In the novel, Santa is introduced as
CEO of North Pole Industries, or NPI. It
doesn't matter how he became CEO; he simply
is. As the story unfolds, it becomes
clear that Santa has lost touch in fundamental
ways: with his workforce, with the
business, with his departed wife, but most
crucially, with himself. Before we
even turn to the opening scene, we're presented
a children's phrase that captures part of
Santa's core values:
He knows when you've been bad or good,
So be good for goodness' sake
You can judge for yourself how far Santa
has drifted. Keep that children's
phrase in mind as you explore the soul and
structure, not only of Santa, CEO,
but also of modern business. Think
about this question, which will stand behind
all the questions you will encounter in
it possible to be good for the sake of being
good, in a modern world full of competition,
speed, and greed?
Many of us have bemoaned both the excesses
of the business world and the conduct of
CEOs within that framework. Part
of this problem may be rooted in what our
media (themselves a business--an interesting
exercise for the recursive- minded) choose
to present to us: an evil story trumps
a good one every time. But as Ida
(whom you will meet deep in the book) tells
Santa in a tea-laden back-porch conversation:
she grunted. "You make it
sound like it does things to you. Maybe.
Sometimes. But business
didn't push your wife away. You
did that. Business didn't even
push you out. You did that yourself.
This talk about markets, and the
forces you went on about. What
are markets? People. Who's
in your business? People. Sometimes
they're dumb, sometimes they're so far
ahead of you."
So look in the mirror we must,
and rediscover that the vague targets of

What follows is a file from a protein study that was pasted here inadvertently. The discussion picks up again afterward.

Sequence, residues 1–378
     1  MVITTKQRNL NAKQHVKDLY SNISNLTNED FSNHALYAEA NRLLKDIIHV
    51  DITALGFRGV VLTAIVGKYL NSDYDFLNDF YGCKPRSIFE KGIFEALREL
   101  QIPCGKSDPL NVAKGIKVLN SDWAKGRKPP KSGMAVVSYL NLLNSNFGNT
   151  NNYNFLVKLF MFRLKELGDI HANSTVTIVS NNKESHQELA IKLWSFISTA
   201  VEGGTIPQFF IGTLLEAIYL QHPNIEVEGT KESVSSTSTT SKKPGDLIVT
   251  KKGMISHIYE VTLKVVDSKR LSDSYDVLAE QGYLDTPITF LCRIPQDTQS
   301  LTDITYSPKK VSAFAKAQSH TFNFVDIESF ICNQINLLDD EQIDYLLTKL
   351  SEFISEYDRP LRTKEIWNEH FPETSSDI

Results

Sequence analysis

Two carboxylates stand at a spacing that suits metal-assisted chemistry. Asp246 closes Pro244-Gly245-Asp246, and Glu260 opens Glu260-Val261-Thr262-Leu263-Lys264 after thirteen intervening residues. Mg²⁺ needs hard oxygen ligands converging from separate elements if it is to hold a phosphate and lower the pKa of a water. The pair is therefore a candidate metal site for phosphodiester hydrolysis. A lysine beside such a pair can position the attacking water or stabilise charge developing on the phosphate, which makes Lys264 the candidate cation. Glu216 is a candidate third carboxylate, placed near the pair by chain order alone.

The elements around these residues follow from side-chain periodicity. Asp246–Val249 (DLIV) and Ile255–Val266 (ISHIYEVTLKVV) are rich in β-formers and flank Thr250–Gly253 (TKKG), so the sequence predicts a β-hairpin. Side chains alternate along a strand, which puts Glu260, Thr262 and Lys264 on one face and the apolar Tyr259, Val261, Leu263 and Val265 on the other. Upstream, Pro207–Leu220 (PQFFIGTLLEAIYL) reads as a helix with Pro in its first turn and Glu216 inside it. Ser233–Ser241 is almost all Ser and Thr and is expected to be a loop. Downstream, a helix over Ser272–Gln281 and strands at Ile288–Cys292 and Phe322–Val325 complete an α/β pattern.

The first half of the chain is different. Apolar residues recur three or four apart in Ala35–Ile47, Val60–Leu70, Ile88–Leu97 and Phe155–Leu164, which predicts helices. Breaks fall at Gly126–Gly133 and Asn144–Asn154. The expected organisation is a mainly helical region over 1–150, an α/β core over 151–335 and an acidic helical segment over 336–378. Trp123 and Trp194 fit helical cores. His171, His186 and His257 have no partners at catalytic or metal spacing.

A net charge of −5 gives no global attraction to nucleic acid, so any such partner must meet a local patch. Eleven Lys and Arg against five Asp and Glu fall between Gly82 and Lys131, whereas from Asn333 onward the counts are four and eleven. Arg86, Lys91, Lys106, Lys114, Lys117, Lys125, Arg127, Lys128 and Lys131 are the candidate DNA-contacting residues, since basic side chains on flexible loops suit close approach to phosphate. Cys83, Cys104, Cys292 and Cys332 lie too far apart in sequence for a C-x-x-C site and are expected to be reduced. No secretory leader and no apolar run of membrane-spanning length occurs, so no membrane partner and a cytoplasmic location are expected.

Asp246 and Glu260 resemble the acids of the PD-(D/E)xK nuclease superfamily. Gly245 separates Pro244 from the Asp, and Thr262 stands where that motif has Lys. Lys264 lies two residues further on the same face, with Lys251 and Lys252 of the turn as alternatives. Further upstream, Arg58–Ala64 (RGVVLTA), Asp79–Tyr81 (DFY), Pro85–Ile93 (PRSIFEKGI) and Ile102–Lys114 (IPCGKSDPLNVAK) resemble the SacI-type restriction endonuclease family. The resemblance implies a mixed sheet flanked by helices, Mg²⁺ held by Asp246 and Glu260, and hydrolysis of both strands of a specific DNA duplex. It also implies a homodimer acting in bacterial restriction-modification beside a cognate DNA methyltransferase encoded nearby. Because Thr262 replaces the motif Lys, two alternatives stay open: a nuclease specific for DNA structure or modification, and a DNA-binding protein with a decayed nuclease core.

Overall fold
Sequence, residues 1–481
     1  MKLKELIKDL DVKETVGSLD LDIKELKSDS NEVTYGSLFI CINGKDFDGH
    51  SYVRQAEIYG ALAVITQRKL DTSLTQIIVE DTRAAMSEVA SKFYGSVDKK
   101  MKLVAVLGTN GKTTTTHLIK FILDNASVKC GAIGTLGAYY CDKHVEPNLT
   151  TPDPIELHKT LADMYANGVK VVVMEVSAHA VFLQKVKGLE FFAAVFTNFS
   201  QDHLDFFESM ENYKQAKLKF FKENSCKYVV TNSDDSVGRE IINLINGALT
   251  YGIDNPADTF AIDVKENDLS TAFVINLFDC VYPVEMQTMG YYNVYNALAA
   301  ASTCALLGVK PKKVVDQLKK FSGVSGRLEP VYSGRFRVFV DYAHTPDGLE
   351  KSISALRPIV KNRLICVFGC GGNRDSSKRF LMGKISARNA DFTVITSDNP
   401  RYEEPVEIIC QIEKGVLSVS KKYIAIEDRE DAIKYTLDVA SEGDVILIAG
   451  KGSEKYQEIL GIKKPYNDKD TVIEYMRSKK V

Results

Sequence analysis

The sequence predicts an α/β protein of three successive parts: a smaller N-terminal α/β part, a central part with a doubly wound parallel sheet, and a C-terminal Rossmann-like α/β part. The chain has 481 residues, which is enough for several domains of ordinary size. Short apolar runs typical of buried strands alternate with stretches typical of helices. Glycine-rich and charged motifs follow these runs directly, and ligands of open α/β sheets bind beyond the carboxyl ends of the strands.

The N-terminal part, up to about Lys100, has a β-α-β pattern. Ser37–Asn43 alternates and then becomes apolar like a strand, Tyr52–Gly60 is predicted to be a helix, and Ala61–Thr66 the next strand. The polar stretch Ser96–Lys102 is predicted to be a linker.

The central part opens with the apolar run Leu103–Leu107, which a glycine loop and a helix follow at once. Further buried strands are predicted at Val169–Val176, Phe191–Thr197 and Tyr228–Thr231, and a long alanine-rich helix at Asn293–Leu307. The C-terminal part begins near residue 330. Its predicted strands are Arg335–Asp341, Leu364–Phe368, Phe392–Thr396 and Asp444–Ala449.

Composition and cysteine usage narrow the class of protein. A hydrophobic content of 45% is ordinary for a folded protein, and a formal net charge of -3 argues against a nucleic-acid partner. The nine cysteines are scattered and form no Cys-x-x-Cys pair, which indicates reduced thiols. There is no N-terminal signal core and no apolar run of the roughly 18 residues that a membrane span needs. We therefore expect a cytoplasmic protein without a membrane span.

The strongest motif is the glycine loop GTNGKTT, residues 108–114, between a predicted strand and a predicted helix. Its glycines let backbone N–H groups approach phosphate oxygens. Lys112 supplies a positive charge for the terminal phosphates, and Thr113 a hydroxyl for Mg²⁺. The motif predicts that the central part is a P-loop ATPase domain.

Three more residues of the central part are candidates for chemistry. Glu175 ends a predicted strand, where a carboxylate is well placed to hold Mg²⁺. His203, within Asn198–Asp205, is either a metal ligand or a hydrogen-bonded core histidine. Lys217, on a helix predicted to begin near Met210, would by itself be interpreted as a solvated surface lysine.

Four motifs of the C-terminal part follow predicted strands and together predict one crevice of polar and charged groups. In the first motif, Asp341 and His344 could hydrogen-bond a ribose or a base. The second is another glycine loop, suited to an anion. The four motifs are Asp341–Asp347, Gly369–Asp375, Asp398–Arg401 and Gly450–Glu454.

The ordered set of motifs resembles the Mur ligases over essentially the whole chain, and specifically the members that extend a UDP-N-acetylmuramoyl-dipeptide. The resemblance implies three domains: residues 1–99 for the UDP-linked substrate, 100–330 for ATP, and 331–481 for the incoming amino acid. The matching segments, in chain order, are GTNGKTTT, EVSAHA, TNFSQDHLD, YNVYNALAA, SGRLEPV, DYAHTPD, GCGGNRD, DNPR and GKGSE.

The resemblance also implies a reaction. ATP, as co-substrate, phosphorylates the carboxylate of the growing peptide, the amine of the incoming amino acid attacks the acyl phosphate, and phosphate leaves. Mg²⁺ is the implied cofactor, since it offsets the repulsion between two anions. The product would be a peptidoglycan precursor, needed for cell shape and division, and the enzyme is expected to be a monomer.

our anger and derision are our own human
constructs, and in human cases such as CEOs,
people uncomfortably like us. Walt
Kelly's Pogo put it in words long become
famous: "We will meet the enemy,
and not only may he be ours, he may be us."
What we deride we must be prepared
to repair, and if the road to a better place
seems too difficult to traverse, that may
mean we're just not to the point where we're
prepared to pay the toll.
A final, humble word. This author
wrote Santa, CEO both to entertain
and to inform and enrich. Too often,
fiction about business either slights the
business issues or slights the respect for
the reader that good fiction tries to achieve:
Crisp dialogue, a compelling story,
and characters whose struggles, change and
growth reflect our own existence. It's
tough to tell in writing fiction whether
you've hit the mark--some will like it, and
some will no doubt be bored to tears. In
writing "Santa," I've tried to
present our frenzied business world in a
way that will make you laugh, carry you
along, and at the end of the day, cause
you to pause and think. If I've missed
those goals, I have only myself and my shortcomings
as a writer to blame. A profound thanks
to you for your willingness to travel the
"Santa" road with me.
© 2004 David Soubly